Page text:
It’s a nice problem to have. Too many people, countries, importers, restaurants and sommeliers want to get more than the fair share of your wines. So how do you juggle who gets what in a situation where you are running out of land to make a lot more wine. That’s the situation that New Zealand now finds itself in as global demand is increasing so fast it is starting to struggle to keep up. Richard Siddle assesses the opportunities and challenges the country faces in the coming years.

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    Opinion
    Sam Coverdale is dedicated to biodynamic farming at Polperro

    James Nathan: How do you source sustainable wine for a list?

    Over the last few weeks The Buyer has been looking at what steps restaurants, wine buyers and sommeliers are taking to make their wine lists more sustainable. Be it the actual wines they are buying, through to the producers they work, the regions they come from. Is it time for the premium on-trade to be taking sustainable wine far more seriously? James Nathan at Pull The Cork certainly thinks so. In fact the business has been set up just to trade in sustainable wine. Here he explains what he means by sustainable wine and offers some advice and tips to buyers on how they might want to adapt how they source wine to put sustainability further up the buying agenda.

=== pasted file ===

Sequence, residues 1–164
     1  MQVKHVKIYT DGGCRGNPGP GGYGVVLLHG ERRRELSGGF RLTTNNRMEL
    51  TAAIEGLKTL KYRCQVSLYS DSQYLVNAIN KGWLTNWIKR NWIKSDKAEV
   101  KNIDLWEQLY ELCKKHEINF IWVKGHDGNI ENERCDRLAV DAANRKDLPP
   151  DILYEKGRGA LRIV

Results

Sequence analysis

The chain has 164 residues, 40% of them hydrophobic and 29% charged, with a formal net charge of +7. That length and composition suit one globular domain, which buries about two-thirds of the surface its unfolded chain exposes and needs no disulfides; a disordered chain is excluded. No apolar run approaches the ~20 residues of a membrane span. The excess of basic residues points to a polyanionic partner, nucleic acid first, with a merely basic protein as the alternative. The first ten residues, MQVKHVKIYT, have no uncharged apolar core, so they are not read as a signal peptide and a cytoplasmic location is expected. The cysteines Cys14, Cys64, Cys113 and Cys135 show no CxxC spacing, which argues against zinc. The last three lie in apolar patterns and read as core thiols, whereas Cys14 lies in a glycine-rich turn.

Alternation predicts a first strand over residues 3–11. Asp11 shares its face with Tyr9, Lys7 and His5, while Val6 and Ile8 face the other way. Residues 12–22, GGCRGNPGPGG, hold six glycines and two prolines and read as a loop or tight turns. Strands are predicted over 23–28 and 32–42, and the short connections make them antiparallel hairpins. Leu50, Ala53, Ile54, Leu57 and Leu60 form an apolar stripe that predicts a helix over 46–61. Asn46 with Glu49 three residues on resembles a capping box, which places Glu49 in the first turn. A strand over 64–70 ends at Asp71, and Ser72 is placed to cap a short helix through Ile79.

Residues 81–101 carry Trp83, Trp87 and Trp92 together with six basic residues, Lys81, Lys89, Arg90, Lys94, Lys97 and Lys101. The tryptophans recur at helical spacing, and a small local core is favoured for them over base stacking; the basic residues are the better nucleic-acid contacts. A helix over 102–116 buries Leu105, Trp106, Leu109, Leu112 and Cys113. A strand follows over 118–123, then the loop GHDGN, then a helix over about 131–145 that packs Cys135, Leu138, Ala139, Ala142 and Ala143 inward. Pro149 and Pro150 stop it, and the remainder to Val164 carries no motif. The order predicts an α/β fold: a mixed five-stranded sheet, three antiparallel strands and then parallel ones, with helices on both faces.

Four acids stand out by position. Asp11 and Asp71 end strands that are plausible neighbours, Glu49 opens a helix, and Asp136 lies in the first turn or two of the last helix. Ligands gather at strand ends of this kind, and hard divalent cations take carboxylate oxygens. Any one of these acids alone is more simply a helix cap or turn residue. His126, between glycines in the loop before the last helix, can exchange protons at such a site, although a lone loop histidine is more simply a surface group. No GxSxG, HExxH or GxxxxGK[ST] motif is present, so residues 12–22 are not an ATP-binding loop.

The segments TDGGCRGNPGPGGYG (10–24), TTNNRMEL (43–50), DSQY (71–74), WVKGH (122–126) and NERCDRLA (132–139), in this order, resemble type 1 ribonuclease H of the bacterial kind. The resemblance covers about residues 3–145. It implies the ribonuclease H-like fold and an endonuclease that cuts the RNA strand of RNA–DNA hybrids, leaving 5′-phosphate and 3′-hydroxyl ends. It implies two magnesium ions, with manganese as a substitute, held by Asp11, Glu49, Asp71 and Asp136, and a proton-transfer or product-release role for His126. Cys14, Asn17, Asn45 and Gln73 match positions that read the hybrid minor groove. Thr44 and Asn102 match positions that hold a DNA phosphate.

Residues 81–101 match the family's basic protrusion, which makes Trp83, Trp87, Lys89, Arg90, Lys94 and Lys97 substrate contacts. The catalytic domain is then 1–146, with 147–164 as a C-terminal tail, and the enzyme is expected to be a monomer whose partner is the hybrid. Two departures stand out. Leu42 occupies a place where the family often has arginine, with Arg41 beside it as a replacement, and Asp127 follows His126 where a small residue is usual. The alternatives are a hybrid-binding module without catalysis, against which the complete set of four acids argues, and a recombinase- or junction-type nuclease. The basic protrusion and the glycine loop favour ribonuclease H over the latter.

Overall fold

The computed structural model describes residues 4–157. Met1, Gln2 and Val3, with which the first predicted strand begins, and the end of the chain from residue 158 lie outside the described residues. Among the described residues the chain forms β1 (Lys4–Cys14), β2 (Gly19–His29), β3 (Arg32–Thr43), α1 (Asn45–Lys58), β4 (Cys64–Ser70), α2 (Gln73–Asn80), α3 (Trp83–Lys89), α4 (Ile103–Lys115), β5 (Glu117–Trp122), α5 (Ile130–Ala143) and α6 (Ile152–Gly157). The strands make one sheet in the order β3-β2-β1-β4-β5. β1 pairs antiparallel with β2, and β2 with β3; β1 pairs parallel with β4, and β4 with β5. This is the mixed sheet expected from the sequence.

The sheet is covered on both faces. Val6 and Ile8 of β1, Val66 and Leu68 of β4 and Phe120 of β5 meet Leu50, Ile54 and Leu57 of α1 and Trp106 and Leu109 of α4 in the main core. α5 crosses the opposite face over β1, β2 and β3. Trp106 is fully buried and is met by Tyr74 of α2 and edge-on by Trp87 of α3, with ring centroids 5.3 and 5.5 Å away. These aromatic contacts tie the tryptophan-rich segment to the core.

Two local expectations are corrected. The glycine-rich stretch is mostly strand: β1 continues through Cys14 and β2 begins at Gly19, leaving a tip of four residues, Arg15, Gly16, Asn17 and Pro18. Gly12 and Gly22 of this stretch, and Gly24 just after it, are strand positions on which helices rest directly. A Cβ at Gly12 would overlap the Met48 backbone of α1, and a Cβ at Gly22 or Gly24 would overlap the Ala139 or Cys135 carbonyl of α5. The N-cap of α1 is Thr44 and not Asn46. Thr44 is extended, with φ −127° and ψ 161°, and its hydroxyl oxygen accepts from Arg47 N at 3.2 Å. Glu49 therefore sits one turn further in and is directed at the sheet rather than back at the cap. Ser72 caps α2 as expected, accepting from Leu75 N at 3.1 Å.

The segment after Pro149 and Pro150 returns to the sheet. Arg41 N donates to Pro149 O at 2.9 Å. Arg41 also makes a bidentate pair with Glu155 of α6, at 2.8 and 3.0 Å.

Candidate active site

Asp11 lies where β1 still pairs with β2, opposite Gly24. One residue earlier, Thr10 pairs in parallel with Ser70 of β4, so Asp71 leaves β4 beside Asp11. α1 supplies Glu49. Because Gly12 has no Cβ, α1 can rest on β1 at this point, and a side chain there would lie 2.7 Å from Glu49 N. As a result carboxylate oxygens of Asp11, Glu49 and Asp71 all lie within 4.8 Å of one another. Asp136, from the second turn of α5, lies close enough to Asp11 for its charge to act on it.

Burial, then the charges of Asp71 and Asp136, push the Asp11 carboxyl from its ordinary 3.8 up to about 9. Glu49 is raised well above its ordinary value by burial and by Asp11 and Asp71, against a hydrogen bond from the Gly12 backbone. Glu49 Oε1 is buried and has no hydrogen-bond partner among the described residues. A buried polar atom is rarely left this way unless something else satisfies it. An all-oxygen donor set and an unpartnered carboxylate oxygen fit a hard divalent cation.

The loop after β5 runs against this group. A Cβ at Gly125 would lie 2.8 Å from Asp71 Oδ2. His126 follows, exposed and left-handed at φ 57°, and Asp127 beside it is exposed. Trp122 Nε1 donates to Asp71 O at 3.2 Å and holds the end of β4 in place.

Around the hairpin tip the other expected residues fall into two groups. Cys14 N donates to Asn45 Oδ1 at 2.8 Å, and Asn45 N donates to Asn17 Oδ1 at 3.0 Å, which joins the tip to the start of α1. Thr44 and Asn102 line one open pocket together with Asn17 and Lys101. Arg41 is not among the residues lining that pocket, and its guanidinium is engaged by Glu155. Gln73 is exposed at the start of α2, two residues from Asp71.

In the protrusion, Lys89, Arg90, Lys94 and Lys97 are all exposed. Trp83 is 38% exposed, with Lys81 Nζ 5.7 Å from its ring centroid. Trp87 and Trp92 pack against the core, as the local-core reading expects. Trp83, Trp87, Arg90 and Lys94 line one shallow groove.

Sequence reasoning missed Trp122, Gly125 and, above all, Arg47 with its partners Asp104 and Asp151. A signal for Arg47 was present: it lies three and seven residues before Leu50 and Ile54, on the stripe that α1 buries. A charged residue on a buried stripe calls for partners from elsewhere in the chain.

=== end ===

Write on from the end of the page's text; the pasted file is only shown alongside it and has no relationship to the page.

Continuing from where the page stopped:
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    Tasting: Wine
    Armit Long Read

    How Armit’s tasting went around the world in 80 wines

    Setting aside its considerable range of Italian agencies was a bold move for Armit Wines at last week’s Autumn Portfolio tasting – and it worked, very well indeed. Showing just 80 wines the tasting was focused, showed off Armit’s international estates and also proved how contemporary many of the wines are. With new agencies Terroir Sense Fronteres and Château Maris present; new wines such as La Rioja Alta’s Viña Arana Gran Reserva there; and some interesting curios, this was a tasting where it was hard to overlook the strength and depth of the range. Peter Dean highlights a dozen wines that sommeliers should look out for.

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    Opinion
    Kékfrankos

    Wines of Hungary’s spotlight on Kékfrankos & Blaufränkisch

    One grape many aliases. In fact Kékfrankos or Blaufränkish goes by more names than a secret agent – in Germany it goes by the name Lemberger, in Austria Blaufränkisch, in Hungary Kékfrankos, then Frankovka Modrá, Burgund Mare and Modra Frankinia – the name changing with almost every bend of the Danube as it swings through Central and Eastern Europe. Elizabeth Gabay MW explores why this is one of Europe’s most important grapes and flags up Wines of Hungary’s Blue of the Danube tasting where you can discover first hand the quality and diversity of this ever-changing grape.

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    Insight
    grover zampa

    New and old shine in IWSC’s Southern Hemisphere awards

    The latest round of medals to be released by the International Wine & Spirit Competition shows, once again, just how diverse and wide ranging the event has become with Kenya, Bolivia and India amongst those picking up medals in the Southern Hemisphere part of the competition. Which is very much part of the wider IWSC strategy to open the awards and make it relevant and important to emerging as well as traditional wine producing countries. Here we pick out the highlights from the New World medal winners in the 2019 competition.